“Paths to Paradise,” the program guide for the fourth Film Society screening explains, “was one of the last pictures and best comedies to star Raymond Griffith before the advent of sound pictures. The silent films had developed an elaborate tradition of pantomime comedy which was uniquely American and uniquely cinematographic. The leading individual exponents besides Chaplin were Buster Keaton, Harry Langdon, and Raymond Griffith. With the advent of sound Griffith was no longer to be seen on the screen. The technique of Keaton and Langdon, if not lost in the talkies, is at least regrettably diluted.” In Paths to Paradise—thought lost for years and still missing its final reel—Griffith plays a con-man who beats a fellow swindler at her own game, but later teams up with her for a jewel heist. Shown alongside it was the tropical nature documentary The Nesting of the Sea Turtle, codirected by the great cinematographer Floyd Crosby, whose collaborators would range from F. W. Murnau to Roger Corman.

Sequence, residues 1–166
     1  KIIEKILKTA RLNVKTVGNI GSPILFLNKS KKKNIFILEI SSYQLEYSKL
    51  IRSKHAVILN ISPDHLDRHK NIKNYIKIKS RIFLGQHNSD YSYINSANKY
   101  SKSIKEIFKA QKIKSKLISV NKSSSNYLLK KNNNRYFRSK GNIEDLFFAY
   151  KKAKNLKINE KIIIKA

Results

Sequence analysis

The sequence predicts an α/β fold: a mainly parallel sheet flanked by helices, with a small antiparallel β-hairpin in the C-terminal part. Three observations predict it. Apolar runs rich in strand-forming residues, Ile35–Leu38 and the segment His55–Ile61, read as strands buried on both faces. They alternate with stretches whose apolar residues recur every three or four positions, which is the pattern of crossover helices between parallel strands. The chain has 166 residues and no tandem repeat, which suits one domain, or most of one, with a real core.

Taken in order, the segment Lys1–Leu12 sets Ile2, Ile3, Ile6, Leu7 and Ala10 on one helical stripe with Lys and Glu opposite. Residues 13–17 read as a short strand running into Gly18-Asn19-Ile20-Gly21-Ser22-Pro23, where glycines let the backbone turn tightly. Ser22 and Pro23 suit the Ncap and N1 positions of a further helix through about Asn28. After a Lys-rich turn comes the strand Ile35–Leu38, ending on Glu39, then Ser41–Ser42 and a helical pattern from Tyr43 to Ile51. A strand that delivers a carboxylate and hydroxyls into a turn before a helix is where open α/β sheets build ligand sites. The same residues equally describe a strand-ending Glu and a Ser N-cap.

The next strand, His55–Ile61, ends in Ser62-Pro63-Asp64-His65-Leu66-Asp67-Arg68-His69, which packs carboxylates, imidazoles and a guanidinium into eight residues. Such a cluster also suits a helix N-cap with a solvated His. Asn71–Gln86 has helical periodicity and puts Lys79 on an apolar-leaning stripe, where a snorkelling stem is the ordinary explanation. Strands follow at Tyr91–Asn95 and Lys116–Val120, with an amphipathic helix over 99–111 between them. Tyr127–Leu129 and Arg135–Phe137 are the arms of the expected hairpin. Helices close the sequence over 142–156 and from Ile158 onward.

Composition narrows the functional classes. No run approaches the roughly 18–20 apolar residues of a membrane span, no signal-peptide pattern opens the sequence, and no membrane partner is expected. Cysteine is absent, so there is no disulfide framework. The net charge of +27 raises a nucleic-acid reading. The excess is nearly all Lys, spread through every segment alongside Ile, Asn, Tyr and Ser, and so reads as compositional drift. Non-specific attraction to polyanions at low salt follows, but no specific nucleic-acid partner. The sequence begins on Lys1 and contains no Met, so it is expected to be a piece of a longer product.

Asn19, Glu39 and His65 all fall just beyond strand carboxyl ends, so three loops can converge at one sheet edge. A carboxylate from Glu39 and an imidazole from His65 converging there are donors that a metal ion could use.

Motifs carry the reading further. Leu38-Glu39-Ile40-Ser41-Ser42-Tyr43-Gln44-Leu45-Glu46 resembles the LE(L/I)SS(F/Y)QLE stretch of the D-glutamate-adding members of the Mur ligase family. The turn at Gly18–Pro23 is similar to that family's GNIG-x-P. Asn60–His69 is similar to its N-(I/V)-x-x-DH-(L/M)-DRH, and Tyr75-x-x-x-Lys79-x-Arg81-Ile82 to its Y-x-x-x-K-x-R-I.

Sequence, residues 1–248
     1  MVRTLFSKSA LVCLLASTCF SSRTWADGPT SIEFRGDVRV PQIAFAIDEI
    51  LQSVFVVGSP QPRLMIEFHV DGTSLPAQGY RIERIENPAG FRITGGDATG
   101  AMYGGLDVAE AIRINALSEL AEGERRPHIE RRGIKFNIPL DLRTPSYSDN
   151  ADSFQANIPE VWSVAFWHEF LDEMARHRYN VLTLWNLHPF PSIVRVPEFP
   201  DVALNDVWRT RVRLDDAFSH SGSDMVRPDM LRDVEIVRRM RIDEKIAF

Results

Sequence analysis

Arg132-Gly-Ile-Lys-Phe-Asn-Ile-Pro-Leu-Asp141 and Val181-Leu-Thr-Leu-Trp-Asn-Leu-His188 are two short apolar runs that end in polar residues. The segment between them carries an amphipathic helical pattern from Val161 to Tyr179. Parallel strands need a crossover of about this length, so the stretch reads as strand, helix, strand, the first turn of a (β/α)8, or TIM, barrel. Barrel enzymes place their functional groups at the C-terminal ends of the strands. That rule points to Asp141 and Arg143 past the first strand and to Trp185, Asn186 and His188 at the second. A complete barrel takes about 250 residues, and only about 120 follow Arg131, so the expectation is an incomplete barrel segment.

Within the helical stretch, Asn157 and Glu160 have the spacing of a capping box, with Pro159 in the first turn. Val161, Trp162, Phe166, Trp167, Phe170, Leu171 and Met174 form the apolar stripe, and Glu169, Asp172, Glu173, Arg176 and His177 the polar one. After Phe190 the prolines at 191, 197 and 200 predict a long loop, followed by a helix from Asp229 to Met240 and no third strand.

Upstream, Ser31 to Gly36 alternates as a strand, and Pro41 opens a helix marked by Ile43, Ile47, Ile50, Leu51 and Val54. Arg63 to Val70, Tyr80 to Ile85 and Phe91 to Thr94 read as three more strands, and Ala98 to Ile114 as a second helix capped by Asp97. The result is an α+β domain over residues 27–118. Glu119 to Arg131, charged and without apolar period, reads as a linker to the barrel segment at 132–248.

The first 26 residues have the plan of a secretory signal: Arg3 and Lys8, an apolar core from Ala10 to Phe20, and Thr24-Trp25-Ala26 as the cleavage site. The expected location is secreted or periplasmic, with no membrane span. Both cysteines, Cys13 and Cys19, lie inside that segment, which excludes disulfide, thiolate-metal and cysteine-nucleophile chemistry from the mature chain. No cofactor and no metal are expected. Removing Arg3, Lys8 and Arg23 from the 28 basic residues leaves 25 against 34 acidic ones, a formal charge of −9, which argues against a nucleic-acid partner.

Paths to Paradise. 1925. USA. Directed by Clarence G. Badger. Screenplay by Keene Thompson, based on the play by Paul Armstrong. With Raymond Griffith, Betty Compson. 35mm. 65 min.
Print courtesy of The Library of Congress
The Nesting of the Sea Turtle. 1933. USA. Directed by Floyd Crosby, Robert Ferguson. DCP. 12 min.